But there are challenges in our society to overcome before that concept will be universally accepted. Sadly enough, initially men may have the most difficult time with it.

I heard today that an NFL football player recently and vehemently rejected the notion that he had shed a tear or two on the field after sustaining a serious injury. I feel sorry for him, not only for the injury, one that I would never wish on anyone, even one who accepts the substantial risk to present and future health of playing football. I feel more sorry for him because he is still victim to the  long existing and misguided social message that men must not be weak nor show weakness — and that tears are still considered as a prime sign of male, and perhaps even female, weakness.

Learning earlier this year about Dr. John Sarno and reading his seminal book, The Divided Mind, I often think about the connection between emotions and brain-caused pain. Any ache or pain I experience causes me to first ask: is there a structural cause or not? And even if there may be a structural cause, why am I continuing to experience pain? Could that pain be brain-caused?

Doctors well know that even many structural problems such as arthritis or disc ruptures, do not cause pain in many of their patients. It’s an undeniable fact if you read Dr. Sarno’s remarkable book, and that fact may change your life.

A second step I take when encountering pain or a health problem, is to take charge and get more information. Usually I do that by binging the topic, and/or by making a doctor’s appointment. What happens time and again when I do either or both of those things, is that I immediately improve!

Recently the same thing happened. I am dealing with two pesky problems the past two months, one of them being that often I wake up at 3 am in the morning. My mind starts working overtime, and I have to get up and stay up until about 10 or 12 in the morning when I collapse into bed to catch up on disrupted sleep. After struggling for about two months with this problem, I recently made an appointment to chat with my doctor about it. The next five nights, I slept all the night through! (Incidentally you can try what seems to help for me: one hour before turn-out-the-lights-time, take one melatonin and one or two droppers of passion flower extract)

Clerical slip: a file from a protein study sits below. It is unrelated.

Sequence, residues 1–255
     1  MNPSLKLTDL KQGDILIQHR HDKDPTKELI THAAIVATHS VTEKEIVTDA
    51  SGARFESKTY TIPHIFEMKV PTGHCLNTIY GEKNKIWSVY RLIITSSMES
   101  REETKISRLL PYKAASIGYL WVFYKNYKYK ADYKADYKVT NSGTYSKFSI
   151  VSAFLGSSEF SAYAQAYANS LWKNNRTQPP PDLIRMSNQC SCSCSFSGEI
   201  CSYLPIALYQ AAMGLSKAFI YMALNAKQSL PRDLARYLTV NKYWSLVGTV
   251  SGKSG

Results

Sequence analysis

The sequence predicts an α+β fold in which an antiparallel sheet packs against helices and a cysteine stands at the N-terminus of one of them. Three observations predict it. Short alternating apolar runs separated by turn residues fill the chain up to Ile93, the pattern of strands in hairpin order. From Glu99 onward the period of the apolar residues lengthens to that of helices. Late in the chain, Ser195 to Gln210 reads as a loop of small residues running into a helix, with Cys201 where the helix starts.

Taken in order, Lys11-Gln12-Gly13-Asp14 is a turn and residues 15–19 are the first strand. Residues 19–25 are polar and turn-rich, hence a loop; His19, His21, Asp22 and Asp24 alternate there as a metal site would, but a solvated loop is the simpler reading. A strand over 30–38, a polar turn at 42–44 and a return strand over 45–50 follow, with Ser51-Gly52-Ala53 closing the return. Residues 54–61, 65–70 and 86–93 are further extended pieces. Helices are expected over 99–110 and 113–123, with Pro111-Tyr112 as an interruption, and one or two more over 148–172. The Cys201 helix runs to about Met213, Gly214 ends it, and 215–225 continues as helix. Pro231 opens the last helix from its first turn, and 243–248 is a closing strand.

It didn’t take me long to realize that I improved because I took one or more action steps to take back my power over my problem. I decided not to sit there suffer. Even though I was waiting a few days for a telephone call with my doctor, I had acted to do something, and the very act of acting, translated into improvement.

In my book on waist training I relate a personal story about a time in my mid 20s when I used to bite or chew the inside of my lip when I was under stress, which was a lot of the time. I knew it to be a dangerous practice and one I had to stop. I called a local hypnotherapist psychiatrist, chatted with him about my problem, and made an appointment in one week to see him. He gave me a homework assignment in the meantime. I was to write down every time I caught myself chewing on my lip, the date, time, circumstances, and my stress level on a scale from 1 to 10. I started the record and three days later I stopped the habit. I called the doctor and cancelled my appointment, explaining what had happened. He and I both laughed! And, never again was I plagued with this destructive habit.